Wednesday, August 3, 2011

Here Comes The Sun ... 10 Sunscreen Mistakes

Now that the dog days of August are here, doctors advise us to be vigilant about protecting our skin.  Everywhere I turn, there are articles and news segments telling us what to do and not do in the war against skin cancer.  The consensus: Skin cancer is on the raise.  One out of five people will get it in his or her life, with melanoma being the most serious diagnosis.  Many people today know they need protection.  But here are 10 common mistakes people make when using sunscreen, as cited by many dermatologists:

1. Not avoiding midday sun – The sun is stronger between the hours of 10 am - 4 pm, so shun peak hours.
2. Not wearing a high SPF sunscreen – If you are outdoors for hours, dermatologists recommend SPF 30.
3. Not reapplying sunscreen every two to three hours – This is what yours truly fails to do.
4. Not applying enough (quantity) sunscreen – At the beach you should use two tablespoons, or a shot glass amount to cover your skin.  A family of four should go through a bottle of sunscreen every 3 to 4 days, says [You] Dr. Mohmet Oz.
5. Not applying sunscreen to your scalp, ears and lips.
6. Using a sunscreen that blocks only UVB rays – A sunblock that contains titanium dioxide and zinc oxide blocks both UVB and UVA rays.  UVB causes burns and cancer, and UVA causes aging.
7. People with dark or olive skin not wearing sunscreen – Unlike centuries ago, the earth's ozone layer is compromised.  Today every skin type needs protection while outdoors to prevent skin cancer.
8. Using expired sunscreen  Some experts tell you to replace your sunscreen every year to be safe, but according to Dr. Lawrence E. Gibson, a dermatologist from the Mayo Clinic, sunscreens are made to last for 3 years and will remain stable as long as they don't bake in the sun.  So keep the bottles tucked away in a tote, or indoors, and check exploration dates.
9. Wearing only sunscreen, but not wearing protective clothing  Dermatologists advice us to wear wide brimmed hats and cover ups, along with sunscreen while outdoors.
10. Only wearing sunscreen in the summer – We need to protect exposed skin all year around even on cloudy days, or while driving.

However, the prescription gets a tab more complicated.  While dermatologists, who -- naturally, see lots of skin cancer -- warn patients to stay out of the sun, other doctors worry that we are not getting enough vitamin D, and a lack of vitamin D may cause other cancers and health issues.  So now the conventional wisdom is, be sure to get 10 - 15 minutes of direct sunlight 3-4 times a week, before using sunscreen and/or covering up the rest of the time to guard against skin cancer.  These doctors say getting a little direct sun allows your body to make vitamin D without significantly increasing your risk of skin cancer.  Got that?  So once again, everything in moderation.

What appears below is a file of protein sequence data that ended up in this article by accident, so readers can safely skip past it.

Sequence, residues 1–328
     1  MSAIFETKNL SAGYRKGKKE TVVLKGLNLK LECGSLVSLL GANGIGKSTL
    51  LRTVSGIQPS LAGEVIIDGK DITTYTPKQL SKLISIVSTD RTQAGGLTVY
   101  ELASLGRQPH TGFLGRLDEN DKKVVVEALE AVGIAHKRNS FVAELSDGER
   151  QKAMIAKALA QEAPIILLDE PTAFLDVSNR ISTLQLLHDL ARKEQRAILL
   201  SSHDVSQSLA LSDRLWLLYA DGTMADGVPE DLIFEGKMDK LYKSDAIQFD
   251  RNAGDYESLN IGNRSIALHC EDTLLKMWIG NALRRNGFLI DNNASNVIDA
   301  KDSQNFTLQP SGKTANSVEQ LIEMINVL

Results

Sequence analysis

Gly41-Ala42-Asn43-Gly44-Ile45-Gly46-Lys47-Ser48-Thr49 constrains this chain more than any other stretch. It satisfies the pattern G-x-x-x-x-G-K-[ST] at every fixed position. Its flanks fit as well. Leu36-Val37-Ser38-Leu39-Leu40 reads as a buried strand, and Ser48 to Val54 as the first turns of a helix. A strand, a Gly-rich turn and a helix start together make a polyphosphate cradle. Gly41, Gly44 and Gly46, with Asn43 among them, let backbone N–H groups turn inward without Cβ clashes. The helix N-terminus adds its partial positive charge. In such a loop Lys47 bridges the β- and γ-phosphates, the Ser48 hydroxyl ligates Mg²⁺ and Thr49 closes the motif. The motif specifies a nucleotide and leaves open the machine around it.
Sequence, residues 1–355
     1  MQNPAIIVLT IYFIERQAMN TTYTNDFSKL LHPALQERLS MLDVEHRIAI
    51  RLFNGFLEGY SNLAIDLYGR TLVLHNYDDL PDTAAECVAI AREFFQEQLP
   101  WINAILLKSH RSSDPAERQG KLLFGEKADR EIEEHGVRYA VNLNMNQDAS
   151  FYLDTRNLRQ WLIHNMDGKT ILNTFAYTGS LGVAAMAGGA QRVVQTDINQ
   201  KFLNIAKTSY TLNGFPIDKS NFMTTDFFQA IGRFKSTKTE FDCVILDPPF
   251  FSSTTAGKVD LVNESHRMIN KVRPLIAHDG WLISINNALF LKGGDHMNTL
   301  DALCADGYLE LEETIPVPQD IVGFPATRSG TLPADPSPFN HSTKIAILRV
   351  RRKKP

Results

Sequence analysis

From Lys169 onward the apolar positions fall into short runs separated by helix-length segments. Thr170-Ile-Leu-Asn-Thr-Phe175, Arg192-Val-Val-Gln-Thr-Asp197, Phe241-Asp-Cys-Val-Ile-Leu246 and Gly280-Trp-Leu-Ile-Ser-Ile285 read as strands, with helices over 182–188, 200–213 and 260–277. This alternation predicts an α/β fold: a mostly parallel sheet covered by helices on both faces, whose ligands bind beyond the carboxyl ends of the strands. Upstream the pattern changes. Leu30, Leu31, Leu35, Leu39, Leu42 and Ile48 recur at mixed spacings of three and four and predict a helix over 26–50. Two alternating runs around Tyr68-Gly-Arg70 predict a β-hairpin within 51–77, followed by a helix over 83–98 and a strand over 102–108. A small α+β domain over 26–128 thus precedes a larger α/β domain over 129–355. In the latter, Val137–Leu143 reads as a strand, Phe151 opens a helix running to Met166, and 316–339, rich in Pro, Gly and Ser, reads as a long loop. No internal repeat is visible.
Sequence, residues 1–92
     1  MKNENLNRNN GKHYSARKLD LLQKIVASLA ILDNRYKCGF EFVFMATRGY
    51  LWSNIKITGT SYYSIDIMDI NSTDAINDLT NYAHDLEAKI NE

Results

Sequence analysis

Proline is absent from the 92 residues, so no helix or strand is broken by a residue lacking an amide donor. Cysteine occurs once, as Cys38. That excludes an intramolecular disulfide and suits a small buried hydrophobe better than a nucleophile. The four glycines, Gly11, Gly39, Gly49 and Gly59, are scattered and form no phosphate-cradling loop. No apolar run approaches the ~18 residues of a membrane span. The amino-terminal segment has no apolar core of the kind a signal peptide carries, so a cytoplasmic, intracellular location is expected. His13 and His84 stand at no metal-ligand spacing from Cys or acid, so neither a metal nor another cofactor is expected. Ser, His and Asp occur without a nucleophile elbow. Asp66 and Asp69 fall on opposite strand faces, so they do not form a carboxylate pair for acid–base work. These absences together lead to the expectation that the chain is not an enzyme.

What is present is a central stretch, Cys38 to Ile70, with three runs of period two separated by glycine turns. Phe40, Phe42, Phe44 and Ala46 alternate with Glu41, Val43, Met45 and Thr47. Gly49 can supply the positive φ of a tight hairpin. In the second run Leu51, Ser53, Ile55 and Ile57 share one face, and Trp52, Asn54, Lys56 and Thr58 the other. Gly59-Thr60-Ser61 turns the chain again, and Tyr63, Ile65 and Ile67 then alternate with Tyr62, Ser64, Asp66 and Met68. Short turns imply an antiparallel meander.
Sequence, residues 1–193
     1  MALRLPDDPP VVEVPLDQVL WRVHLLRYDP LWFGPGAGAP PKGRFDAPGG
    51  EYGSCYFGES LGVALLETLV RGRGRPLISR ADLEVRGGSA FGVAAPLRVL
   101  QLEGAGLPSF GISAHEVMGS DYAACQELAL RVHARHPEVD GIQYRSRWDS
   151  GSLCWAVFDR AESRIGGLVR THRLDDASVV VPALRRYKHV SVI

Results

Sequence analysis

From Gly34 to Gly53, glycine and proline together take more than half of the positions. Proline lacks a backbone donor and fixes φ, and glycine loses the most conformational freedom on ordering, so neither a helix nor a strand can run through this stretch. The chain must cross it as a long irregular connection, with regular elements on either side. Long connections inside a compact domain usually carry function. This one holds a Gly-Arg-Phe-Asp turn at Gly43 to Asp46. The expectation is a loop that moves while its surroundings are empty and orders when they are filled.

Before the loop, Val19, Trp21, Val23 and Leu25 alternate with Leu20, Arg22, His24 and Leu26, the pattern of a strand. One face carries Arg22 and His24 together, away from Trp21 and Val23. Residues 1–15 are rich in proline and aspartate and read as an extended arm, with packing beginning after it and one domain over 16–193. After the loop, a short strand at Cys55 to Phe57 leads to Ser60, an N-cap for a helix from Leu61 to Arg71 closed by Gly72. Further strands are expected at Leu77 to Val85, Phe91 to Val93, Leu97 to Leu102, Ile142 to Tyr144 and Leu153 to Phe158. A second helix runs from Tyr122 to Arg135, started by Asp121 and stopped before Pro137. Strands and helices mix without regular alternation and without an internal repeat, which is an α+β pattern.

Good health care is always a matter of weighing risks against benefits.  I like to wash sunscreen off my skin before bed, because in the absence of the sun, I don't need the chemicals.  Enjoy the easy, breezy long days of summer.
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  1. I am a beach person with a perpetual tan and skin in good shape.

    What I recommend is to get a tan very late in the day using reflecting water. It's concentrated so 15 or 20 minutes worth does the job. Angle of reflection = angle of deflection, or something like that. If you find a good sunny spot you can top up the tan all year round- even if not at the beach.

  2. @Barry P : I pretty much stay in the shade. It's cooler. Any color I get is from taking walks and running errands. I wonder what George Hamilton does.

  3. @Debra

    Back at you- the best time to tan is not in the summer, but rather Spring and Autumn, when it is safer. Winter is more challenging- need to balance the sun angle against not getting a chill.

    Totally agree that the summer is not a good time to be out. Re- George Hamilton, the guy looks very good. I would also be curious how he does it.

    I've avoided sunscreens because when reading the labels, I can't pronounce half the ingredients (a lot like eating b-fast cereal).